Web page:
A grid-tied system is the most common type of solar system. It has no solar battery for backup power and utilizes net metering to maximize savings. Solar panels are mounted on your roof then wired together, and the power generated flows into an inverter where direct current (DC) electricity is converted into alternating current (AC) electricity. This electricity is either used by your home or is exported to the utility grid.
In hybrid solar systems, rooftop solar panels are connected to both a solar battery and the electric grid. The solar electricity generated by your panels that your home does not use is stored in the battery instead of being sent to the grid, which reduces your reliance on the utility while also providing backup power when needed. Battery storage is still expensive but you may be able to reduce costs by using state incentives.
Off-grid solar systems are not connected to the grid at all, so all of your energy needs must be met by the sun. There is no utility to fall back on. The solar installation needs to power your home not only during the day, but after dark as well, so many solar panels and a large battery system are required. These systems are often expensive and don’t make sense for homes that have access to the grid.
Read more about types of home solar systems.
No, but cleaning them can improve power generation if they are dirty.
Given this environment, and the effect of import tariffs placed on solar panels by the Trump administration during 2018, it is hard to see that solar power system prices in Kentucky will fall during 2023.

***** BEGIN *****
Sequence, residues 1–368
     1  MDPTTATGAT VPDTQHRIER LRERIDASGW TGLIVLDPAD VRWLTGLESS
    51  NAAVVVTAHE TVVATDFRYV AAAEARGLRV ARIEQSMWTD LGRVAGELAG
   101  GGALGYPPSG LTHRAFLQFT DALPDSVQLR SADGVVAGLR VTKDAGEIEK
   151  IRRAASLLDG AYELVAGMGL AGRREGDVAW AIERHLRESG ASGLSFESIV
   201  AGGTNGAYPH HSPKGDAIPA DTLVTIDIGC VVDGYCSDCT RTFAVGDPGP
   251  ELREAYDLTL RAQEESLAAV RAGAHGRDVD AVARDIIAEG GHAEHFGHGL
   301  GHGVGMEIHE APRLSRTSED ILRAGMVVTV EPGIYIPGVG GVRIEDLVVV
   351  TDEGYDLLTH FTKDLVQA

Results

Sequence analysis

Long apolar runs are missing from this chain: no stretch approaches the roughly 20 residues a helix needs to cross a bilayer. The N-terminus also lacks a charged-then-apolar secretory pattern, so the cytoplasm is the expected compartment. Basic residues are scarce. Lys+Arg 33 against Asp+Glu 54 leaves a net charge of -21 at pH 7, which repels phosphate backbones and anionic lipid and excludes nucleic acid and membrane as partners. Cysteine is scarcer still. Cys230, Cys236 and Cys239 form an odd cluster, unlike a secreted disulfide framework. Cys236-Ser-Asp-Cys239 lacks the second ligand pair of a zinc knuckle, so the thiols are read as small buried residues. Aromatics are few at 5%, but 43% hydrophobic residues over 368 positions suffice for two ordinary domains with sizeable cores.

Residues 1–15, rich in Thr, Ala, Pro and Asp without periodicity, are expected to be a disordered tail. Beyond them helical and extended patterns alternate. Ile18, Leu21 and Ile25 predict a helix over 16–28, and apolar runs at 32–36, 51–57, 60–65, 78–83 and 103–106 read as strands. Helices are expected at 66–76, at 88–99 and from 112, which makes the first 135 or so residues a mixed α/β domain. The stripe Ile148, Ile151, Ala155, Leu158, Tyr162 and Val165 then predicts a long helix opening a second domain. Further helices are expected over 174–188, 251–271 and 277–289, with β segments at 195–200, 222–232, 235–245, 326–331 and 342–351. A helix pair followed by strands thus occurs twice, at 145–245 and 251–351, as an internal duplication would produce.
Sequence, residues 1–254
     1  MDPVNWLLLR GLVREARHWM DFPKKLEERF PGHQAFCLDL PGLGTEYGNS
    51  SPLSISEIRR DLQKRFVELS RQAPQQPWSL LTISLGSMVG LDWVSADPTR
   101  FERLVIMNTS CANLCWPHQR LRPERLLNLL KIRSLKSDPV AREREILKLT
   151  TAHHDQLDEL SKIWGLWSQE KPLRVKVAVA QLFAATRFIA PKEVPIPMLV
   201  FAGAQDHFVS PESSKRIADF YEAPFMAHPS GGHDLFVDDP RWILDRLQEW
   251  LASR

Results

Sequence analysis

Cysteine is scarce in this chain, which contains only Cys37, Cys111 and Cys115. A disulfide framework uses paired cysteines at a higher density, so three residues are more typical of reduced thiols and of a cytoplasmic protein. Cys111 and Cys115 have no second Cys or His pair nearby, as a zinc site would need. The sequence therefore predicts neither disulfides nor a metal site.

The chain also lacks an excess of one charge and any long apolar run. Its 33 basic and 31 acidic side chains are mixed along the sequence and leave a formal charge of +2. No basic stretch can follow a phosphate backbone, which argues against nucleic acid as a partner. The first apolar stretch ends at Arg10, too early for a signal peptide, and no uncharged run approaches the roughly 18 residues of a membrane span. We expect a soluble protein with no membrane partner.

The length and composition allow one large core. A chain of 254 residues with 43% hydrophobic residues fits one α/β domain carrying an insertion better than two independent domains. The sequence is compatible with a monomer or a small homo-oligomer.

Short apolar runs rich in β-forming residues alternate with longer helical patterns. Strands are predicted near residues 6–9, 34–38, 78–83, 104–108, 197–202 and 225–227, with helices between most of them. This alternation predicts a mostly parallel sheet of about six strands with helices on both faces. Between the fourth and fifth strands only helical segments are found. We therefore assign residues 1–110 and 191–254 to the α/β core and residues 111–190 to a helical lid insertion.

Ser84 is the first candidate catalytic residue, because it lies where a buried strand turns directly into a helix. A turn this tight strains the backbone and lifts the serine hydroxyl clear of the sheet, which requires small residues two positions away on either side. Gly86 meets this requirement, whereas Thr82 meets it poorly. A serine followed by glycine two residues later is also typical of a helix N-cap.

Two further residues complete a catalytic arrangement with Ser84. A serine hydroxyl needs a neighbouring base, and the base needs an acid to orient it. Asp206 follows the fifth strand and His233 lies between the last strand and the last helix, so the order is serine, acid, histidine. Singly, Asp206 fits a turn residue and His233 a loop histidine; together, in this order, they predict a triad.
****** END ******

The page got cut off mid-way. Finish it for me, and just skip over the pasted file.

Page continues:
Depending on the location, solar panels will generate different amounts of electricity.
A solar system that is installed on a south-facing 30-degree pitch roof Kentucky will generate 1,550kWh of peak DC (direct current) capacity per year per 1kW in Kentucky.
Enter your details into the solar panel calculator to see how your location, roof tilt, and roof direction impacts solar panel production.
The advantage of installing solar panels in Kentucky is the state-mandated net metering. Although most companies don’t buy back at the full retail rate, there is still potential for great savings through this law. Also, installing solar is $2.34 per watt in Kentucky, which is cheaper than in many other states.
The disadvantage of installing solar in Kentucky is that there is very little in the way of state and utility-based incentives. Plus, the net metering laws do not require utility companies to offer a full retail rate, meaning that their rates could be much lower, which leads to fewer savings.
Despite all this, having mandated net metering and a 30% federal tax credit are two excellent reasons to go solar!
This solar calculator requires you to input your address, utility company, your average monthly power spend - it tells you:
If you want to see all of the above but also see live pricing, the three best solar deals available in your city and get binding quotes from each of these solar companies then use this Kentucky solar panels calculator. This calculator requires you to also input your name and contact details because most of our 200+ installer partners will only authorize the sharing of their live solar pricing where we have validated that you are a real homeowner with a home in their service area. We respect the privacy of your data and only share your contact details with the solar companies you ask us to get binding quotes from.
Note: Please keep in mind that the best source of up-to-date information on incentives are the solar installers who specialize in your area.